By Kelsey Zlevor
Eugene is facing two crises that impact the future habitability and accessibility of our community. One is climate change, and the other is housing access.
In the wake of the Holiday Farm Fire that ravaged hundreds of homes and left our unhoused community breathing hazardous air, compounded by the reckoning with structural racism in Oregon’s land use system, the objectives are clear: We must repair the harm caused by race- and class-based discriminatory zoning codes, we must increase access to a variety of housing options, and we must reduce our fossil fuel use to prevent housing disruption caused by intensifying natural disasters linked to climate change.
We literally have to do it all. This would seem impossible, if not for the fact that we are being presented with two steps right now to make it possible. But it only works if we act on both.
The first is the Fossil Free Eugene (FFE) coalition advocating to transition the city to 100 percent renewable energy by 2030, and the second is the implementation of House Bill 2001 to promote infill development, or multiple dwelling units (duplex, triplex, etc.) on existing single-family residential lots. While advocating for the allowance of different housing types in single-family zones may not seem like a climate issue, it is exactly at this intersection of policy where our collective power can and should be built to advance environmental justice and curb emissions.
FFE, a coalition of grassroots organizations, is currently pressing the Eugene City Council to pass ordinances to transition the city to renewable energy. FFE is demanding a ban on construction of all new fossil fuel infrastructure in the city, transitioning all utilities in the city to 100 percent renewable energy by 2030 and levying a carbon fee on Northwest Natural that would fund the transition of low-income and historically marginalized communities from fracked gas to electric appliances. Given the city’s Climate Recovery Ordinance calls for the reduction of fossil fuel use by 50 percent of 2010 levels by 2030, measured transition away from fossil fuels is critical.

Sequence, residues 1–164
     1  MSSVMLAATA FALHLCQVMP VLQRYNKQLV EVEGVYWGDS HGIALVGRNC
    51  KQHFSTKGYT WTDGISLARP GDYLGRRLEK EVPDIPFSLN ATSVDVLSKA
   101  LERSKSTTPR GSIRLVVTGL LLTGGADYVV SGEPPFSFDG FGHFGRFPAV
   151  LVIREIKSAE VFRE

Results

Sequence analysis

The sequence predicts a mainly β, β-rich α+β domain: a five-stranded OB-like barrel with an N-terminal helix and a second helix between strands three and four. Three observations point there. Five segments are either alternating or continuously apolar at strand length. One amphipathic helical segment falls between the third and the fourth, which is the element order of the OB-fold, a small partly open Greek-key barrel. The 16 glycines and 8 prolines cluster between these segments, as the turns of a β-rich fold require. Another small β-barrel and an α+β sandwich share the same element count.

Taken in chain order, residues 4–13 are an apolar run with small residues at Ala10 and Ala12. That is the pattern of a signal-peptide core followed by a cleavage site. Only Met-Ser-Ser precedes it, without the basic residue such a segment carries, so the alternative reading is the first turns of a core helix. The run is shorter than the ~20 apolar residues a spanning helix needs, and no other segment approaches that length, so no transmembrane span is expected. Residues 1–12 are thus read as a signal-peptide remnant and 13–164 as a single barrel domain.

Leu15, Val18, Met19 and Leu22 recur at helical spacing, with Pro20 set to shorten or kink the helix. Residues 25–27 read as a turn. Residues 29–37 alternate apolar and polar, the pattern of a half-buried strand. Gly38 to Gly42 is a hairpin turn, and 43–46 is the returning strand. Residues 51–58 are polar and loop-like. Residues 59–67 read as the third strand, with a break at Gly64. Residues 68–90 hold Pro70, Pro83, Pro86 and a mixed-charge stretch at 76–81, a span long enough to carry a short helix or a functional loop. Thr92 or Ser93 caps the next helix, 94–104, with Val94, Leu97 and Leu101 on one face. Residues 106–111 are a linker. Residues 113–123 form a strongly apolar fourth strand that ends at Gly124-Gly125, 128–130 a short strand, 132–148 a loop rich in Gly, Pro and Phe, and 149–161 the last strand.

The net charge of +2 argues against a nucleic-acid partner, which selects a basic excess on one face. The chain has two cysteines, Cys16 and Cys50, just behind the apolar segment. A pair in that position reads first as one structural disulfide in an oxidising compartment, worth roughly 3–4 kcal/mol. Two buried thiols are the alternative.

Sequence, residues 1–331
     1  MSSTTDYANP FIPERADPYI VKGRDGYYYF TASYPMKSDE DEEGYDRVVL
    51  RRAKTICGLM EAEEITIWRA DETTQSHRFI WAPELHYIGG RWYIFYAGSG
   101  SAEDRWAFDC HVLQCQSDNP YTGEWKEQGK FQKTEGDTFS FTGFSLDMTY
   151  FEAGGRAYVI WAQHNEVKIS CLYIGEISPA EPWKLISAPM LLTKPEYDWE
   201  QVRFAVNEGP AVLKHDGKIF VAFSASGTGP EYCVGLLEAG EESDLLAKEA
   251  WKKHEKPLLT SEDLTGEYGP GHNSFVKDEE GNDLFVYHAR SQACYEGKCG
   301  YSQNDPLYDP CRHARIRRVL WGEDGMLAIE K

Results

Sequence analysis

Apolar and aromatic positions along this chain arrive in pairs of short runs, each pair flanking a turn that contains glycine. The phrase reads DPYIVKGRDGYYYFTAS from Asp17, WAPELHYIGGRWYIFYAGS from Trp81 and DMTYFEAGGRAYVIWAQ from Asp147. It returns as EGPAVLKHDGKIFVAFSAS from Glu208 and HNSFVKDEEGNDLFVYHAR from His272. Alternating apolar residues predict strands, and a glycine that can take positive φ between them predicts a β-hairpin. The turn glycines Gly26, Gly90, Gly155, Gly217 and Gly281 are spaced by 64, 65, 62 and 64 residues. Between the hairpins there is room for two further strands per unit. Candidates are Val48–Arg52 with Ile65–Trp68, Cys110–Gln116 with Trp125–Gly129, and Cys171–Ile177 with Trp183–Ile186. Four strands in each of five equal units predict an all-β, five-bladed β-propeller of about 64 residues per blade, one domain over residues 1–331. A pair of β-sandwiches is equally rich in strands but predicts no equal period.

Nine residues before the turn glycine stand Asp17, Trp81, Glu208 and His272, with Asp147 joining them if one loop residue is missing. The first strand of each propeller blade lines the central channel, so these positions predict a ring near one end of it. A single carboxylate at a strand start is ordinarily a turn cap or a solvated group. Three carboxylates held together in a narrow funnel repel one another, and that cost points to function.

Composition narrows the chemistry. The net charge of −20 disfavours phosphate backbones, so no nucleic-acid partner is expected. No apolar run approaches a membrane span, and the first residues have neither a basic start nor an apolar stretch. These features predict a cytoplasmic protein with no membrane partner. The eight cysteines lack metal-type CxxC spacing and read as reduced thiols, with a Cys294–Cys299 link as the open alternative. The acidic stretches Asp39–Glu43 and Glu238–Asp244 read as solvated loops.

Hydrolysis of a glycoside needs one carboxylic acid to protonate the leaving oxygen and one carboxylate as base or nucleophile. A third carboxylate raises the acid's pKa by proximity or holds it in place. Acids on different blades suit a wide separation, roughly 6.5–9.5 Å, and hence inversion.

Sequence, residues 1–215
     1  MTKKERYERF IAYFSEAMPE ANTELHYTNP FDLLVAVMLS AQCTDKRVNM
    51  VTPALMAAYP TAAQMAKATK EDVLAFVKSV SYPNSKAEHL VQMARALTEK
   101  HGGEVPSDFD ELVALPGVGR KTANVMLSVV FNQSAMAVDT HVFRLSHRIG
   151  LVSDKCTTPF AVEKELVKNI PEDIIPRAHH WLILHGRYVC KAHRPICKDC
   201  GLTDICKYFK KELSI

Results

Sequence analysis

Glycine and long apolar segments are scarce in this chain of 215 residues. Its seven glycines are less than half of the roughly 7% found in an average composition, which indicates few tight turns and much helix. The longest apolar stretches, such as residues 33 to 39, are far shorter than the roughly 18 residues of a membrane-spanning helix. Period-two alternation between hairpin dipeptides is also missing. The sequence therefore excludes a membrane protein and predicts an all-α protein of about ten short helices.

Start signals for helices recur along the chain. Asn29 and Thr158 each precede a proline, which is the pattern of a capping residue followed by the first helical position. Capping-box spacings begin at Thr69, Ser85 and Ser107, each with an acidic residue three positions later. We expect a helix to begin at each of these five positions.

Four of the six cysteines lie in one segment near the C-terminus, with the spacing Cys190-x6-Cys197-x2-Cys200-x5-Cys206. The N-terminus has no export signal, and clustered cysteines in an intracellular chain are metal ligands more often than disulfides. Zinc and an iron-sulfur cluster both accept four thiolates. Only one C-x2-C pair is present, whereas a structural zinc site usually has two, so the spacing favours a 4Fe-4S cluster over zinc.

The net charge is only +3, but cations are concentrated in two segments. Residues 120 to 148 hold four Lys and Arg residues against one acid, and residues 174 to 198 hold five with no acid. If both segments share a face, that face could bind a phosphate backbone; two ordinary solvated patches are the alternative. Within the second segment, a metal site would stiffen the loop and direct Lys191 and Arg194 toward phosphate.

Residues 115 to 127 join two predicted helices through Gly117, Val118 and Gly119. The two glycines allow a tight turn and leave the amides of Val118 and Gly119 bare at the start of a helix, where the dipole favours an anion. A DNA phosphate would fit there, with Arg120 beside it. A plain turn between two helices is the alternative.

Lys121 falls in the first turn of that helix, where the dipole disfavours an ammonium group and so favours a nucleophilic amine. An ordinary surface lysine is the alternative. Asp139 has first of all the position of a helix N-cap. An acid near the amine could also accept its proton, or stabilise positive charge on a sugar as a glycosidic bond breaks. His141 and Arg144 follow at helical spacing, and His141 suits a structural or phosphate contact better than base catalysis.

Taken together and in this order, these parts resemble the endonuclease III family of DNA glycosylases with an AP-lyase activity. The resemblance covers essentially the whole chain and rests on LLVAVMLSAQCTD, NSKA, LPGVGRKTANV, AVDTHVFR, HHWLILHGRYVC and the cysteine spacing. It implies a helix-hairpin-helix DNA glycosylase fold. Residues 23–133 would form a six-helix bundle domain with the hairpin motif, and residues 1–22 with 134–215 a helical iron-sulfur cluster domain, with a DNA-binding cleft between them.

The other course of action at our disposal is our city’s implementation of House Bill 2001. HB 2001 is Oregon’s landmark statewide legislation legalizing multiple dwelling units on properties zoned single-family in large cities, otherwise known as middle housing. I served as an appointed member to the Oregon Department of Land Conservation and Development’s Middle Housing Model Code Technical Advisory Committee in 2019, where we developed the baseline model code all eligible cities can adopt to comply with the legislation.
This model code is now in Eugene’s hands. We can either adopt the code outright to allow middle housing, go further with this model code to encourage middle housing, or incentivize middle housing. Incentivizing middle housing has the least regulation, most flexibility, and the greatest potential to reduce housing costs out of the three choices.
Incentivizing middle housing is a step towards dismantling Oregon’s segregated zoning system, which has up to this point upheld structural racism by barring housing variety in residential zones. It also is one of our greatest options to reduce GHGs: the UN’s “The Weight of Cities Report” states infill development can reduce GHGs by a factor of two or more by locating housing closer to downtowns and transit, and the Cool Climate Network at UC-Berkeley recently published the California Local Government Climate Policy Tool that found urban infill surpasses every listed tactic in most jurisdictions in terms of reductions in GHGs.
This is not to say that heating electrification matters less, but that these policies are multiplicative. Only when they work in tandem do we stand a chance at mitigating climate disruption.
Through several leadership roles in Eugene, I have witnessed decisionmakers’ enthusiasm for mitigating the climate crisis and increasing housing access, and a simultaneous aversion to taking intersectional steps to achieve it — regulating the use of fossil fuels and incentivizing middle housing. I find this dissonance disturbing. To advance climate justice requires us to challenge the status quo with bold policy change.
A Fossil Free Eugene necessarily calls us to incentivize middle housing if our climate and equity values are to be in alignment. To develop our community with integrity means we must advocate for both a just transition away from fossil fuels and a variety of housing types. To do one of these without the other is to not only forge an uneven policy scorecard but is to render one’s-self climate neutral.
Transitioning to renewable energy is climate action, incentivizing middle housing is climate action, and we will undoubtedly need both if we want to build a just and livable future.
Kelsey Zlevor is a planning and land use consultant at Cameron McCarthy Landscape Architecture and Planning in Eugene. She is a member of both the City of Eugene Sustainability Commission and Downtown Neighborhood Association, and organizes with Sunrise Eugene.